- Analysis of Diffuse Interface Models
- Computer Assisted Proofs in PDEs
- Control Theory
- Evolution Equations and Dynamical Systems
- Free Boundary Problems
- Game Theory and Convex Optimization
- Geometric Analysis and Riemannian geometry
- Inverse Problems for Partial Differential Equations
- Mathematical Models for Suspension Bridges
- Noncommutative Analysis
- Nonlinear Diffusions
- Nonlinear Elliptic PDEs and Degenerate Equations
- Shape Optimization
Besides classical potential theory, modern approaches to elliptic equations require a strong background in functional analysis, along with a good knowledge of Sobolev spaces and classical inequalities (e.g. Poincaré, Hölder, Hardy, Rellich). Leaning on these tools, we study existence, uniqueness and qualitative properties of solutions to nonlinear elliptic problems in bounded domains under suitable boundary conditions, as well as in the whole space. In the case of semilinear equations driven by the Laplace operator, a standard way to prove existence of solutions is critical point theory, whereas qualitative properties are obtained by means of the maximum principle (in its different formulations), symmetrization and shooting techniques. Moving from the prototype case of scalar semilinear equations for the Laplace operator, and motivated by several applications arising in physics, biology, and engineering, our research deals with:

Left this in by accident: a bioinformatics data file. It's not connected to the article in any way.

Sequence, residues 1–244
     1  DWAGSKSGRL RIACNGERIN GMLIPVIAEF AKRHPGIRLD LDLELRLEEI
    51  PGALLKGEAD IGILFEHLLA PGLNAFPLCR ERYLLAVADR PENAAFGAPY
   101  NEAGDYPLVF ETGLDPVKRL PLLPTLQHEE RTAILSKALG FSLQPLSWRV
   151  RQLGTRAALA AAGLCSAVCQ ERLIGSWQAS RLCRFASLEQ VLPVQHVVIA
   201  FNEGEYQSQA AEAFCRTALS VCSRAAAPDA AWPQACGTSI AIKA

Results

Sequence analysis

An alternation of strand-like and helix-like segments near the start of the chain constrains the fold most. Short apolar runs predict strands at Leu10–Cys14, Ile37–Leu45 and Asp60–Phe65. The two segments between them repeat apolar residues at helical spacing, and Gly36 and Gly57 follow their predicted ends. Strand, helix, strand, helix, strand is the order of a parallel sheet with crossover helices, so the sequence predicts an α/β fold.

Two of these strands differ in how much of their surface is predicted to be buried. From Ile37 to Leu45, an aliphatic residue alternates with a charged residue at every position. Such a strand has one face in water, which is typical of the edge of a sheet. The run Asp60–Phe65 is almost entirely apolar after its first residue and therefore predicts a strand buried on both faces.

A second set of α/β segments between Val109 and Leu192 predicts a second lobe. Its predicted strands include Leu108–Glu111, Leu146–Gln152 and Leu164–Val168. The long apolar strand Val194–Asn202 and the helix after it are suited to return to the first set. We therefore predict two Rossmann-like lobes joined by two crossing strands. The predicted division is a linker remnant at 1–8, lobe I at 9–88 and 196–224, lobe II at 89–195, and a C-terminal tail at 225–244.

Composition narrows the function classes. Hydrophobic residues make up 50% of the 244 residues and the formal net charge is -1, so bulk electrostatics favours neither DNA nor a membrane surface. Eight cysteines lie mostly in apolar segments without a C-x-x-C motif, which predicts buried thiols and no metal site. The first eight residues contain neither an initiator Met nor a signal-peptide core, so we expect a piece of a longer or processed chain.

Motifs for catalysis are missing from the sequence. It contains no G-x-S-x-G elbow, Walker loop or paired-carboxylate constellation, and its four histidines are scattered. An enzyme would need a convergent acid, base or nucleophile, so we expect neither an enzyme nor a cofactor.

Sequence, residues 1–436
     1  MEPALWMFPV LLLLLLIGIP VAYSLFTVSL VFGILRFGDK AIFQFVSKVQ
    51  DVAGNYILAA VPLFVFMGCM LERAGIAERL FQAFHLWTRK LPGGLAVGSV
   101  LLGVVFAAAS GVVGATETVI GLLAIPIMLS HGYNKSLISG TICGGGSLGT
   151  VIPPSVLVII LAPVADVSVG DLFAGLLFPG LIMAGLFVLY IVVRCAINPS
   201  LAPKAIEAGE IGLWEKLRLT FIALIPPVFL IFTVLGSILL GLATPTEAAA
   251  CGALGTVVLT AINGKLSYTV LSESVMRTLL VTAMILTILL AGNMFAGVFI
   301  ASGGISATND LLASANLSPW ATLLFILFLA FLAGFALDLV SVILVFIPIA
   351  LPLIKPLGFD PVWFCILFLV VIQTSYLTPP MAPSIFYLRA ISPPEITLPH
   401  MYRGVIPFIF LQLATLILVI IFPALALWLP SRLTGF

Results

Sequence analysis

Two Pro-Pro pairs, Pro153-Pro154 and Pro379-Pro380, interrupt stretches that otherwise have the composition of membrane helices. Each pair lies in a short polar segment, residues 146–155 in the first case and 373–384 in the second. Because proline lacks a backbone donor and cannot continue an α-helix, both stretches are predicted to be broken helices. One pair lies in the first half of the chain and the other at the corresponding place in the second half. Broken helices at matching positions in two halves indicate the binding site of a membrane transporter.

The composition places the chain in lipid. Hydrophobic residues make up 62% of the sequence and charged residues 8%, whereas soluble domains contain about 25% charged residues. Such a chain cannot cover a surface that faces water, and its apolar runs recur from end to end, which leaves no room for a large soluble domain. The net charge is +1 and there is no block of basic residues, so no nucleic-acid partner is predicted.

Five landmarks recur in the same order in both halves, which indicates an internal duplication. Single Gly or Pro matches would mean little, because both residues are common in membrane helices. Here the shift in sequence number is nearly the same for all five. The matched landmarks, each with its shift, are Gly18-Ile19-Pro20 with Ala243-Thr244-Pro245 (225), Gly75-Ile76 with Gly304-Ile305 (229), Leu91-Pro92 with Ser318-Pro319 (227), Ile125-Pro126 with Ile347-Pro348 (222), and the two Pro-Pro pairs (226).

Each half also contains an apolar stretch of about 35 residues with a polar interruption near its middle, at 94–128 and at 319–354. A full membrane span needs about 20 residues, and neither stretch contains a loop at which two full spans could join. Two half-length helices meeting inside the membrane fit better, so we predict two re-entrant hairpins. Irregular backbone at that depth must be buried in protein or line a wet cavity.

Non-local equations, where the standard diffusion is replaced by integro-differential operators like the fractional Laplacian.
Systems of elliptic equations with various type of interaction (cooperative, competitive, local, non-local).
Equations driven by different second-order operators, quasi-linear or fully non-linear.
Nonlinear elliptic equations on Riemannian manifolds Higher-order equations.
Degenerate Equations (S. Biagi, M. Bramanti)
In the class of degenerate equations of elliptic-parabolic type a particularly important one is that of Hörmander's operators, which turn out to be hypoelliptic. Equations of this type arise, for instance, as Kolmogorov-Fokker-Planck equations corresponding to systems of stochastic ODEs, which can model many physical systems, or from the theory of several complex variables. In the study of these equations great progresses have been made in the last decades, exploiting methods from several areas of mathematics: classical techniques of PDEs as well as singular integrals, differential geometry, Lie groups and Lie algebras. In the last ten years new classes of more general operators have been introduced and studied, modeled on Hörmander's vector fields, but also containing nonsmooth ingredients, and therefore no longer hypoelliptic. For these operators a number of interesting results have been already proved, often requiring new tools or new insights, and several challenging problems remain open.